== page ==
2. Sellers: There are a lot of seed & seedling sellers that are only selling on ebay to make money, they do not have any background knowledge of these plants at all and some of their advice is not right. You can pick these sellers out as they often miss spell the names or give them a totally new name, look at the names and you can see those that call them just totally wrong names or add letters or leave letters off, some make 1 word into 3 or 3 into 1, they buy from dubious sellers in Thailand then sell seedlings that are only a few months old at best so they have no idea what colour the actual seedling will be as they have never grown them to flower. Remember, sellers buy the seeds for only a few cents each, at most maybe around $1 but mostly a lot less, then just put them in a seedling mix for 6 weeks or so then sell them to you for quite a big profit margin, this can be done by anyone at all, there is no hard work involved. Remember, a lot of the seedling sellers are only growing seeds into seedlings for profit, their technical knowledge is very limited and their growing methods are just a repeat of what they were told by someone else, otherwise they would have no idea how to do it.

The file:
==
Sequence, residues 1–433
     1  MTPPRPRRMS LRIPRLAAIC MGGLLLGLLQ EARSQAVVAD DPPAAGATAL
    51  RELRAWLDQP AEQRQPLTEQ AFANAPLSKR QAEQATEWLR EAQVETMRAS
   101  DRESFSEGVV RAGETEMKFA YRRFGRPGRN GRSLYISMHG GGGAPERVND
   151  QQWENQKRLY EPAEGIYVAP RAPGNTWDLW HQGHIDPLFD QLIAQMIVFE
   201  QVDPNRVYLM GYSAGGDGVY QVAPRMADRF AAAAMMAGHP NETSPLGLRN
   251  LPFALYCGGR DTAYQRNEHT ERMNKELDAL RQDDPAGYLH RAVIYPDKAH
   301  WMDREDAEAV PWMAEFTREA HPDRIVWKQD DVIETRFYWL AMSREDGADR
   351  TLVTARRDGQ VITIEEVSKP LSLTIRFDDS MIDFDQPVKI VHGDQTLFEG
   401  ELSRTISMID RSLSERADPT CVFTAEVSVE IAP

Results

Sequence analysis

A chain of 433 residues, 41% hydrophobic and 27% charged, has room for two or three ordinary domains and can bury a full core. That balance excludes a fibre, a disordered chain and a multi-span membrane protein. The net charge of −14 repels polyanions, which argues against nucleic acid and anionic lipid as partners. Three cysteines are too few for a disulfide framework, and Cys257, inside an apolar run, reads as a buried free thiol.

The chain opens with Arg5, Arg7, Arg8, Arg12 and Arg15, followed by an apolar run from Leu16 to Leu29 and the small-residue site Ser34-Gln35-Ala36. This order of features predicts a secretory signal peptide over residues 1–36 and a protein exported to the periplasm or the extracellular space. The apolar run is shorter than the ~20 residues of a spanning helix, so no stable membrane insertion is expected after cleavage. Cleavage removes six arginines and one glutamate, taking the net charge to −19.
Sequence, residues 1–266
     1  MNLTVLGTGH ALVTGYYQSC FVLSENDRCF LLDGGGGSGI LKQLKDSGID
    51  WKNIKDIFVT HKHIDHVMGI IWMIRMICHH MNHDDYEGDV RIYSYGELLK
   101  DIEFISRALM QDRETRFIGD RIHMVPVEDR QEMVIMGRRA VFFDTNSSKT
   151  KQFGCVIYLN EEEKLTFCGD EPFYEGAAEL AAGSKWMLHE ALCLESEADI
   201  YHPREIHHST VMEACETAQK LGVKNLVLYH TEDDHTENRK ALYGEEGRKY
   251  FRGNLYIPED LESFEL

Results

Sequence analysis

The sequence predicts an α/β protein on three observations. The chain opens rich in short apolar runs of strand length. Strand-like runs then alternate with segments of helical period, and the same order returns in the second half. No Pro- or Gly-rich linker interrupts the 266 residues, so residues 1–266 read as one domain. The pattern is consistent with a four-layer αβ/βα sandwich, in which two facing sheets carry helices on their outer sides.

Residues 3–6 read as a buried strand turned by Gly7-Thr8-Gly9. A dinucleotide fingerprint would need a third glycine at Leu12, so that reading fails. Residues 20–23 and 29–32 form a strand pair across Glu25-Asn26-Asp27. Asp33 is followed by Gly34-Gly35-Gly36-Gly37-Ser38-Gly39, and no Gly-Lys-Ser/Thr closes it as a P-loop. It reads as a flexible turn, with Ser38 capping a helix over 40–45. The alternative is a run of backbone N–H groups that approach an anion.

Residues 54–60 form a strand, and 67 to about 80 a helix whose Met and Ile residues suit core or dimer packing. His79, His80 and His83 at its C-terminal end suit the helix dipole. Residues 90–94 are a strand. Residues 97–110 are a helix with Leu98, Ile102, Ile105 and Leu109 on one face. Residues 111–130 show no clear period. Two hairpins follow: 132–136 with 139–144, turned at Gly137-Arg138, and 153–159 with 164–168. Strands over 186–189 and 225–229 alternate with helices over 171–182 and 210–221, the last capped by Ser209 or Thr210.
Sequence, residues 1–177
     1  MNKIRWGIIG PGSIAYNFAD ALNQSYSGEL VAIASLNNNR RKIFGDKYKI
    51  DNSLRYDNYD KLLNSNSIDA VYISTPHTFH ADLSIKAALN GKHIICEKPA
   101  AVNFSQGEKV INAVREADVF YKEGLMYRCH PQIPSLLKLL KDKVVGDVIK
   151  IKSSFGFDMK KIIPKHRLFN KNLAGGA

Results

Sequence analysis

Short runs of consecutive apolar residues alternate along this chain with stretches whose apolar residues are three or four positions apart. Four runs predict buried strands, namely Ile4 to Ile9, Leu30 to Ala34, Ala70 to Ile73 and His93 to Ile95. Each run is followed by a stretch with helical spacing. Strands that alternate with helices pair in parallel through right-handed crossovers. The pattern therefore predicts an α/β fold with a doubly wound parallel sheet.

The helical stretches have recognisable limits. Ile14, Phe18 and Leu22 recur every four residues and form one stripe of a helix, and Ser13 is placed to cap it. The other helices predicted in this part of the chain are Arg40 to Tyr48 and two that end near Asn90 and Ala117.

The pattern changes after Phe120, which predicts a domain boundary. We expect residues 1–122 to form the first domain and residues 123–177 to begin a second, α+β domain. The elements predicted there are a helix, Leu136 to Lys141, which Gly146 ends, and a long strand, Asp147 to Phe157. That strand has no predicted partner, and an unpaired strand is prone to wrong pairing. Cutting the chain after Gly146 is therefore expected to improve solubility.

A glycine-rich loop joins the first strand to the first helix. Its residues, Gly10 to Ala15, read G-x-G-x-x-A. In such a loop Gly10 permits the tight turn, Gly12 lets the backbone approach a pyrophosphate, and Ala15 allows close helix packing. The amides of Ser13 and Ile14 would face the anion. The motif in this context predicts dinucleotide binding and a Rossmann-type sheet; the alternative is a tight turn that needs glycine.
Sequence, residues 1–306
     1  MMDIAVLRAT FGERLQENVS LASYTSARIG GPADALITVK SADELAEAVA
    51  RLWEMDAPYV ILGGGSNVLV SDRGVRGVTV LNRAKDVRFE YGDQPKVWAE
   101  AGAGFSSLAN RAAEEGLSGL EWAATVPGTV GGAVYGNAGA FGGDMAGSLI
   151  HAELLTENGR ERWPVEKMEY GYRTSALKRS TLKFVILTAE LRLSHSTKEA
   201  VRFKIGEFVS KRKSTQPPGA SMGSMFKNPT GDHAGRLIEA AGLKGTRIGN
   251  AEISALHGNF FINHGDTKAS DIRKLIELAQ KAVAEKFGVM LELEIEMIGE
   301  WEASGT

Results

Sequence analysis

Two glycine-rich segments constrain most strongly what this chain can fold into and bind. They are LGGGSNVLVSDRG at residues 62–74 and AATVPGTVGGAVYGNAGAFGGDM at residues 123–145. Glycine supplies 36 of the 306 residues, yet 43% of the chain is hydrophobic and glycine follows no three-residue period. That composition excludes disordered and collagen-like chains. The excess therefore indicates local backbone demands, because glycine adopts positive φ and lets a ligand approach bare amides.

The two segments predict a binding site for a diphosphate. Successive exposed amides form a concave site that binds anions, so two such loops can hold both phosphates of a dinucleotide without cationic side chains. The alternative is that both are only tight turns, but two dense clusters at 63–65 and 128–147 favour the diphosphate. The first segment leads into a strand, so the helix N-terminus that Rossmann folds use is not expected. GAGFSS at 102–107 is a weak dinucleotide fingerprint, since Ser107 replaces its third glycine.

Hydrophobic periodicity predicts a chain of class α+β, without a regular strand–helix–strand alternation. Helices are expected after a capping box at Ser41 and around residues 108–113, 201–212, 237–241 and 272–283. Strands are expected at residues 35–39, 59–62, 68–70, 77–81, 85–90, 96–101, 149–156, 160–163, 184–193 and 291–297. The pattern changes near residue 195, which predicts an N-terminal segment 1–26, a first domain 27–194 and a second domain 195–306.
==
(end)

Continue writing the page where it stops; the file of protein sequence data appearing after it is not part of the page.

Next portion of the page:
3. Size: Seedlings should be at least 10cm tall preferably 15cm and  as thick as a pencil, smaller than this can lead to a lot of dying seedlings as they are not strong enough to handle all the travel & temperature changes. When the sellers say they are sun hardened be wary, seedlings should not be put in full sun in the first few months as they will burn, having only a few leaves does not give it protection and the thin stem cannot support the heat stress, I never allow my seedlings to go into full sun until after their first winter or they are 15cm tall with several sets of leaves & a solid trunk. I keep them under shade cloth & and in a hot house, all they need is heat, light and good mix with a bit of water, the only people that put them into full sun are either those that are unsure what they are doing or those that grow them directly in the ground & are prepeared to loose a few. A seedling in full sun will shrivel and die very quickly, especially if it is hot, so always keep them in dappled sunlight until they have gone through their first winter. Even then they need to be introduced slowly and never in full sun when it is extremely hot.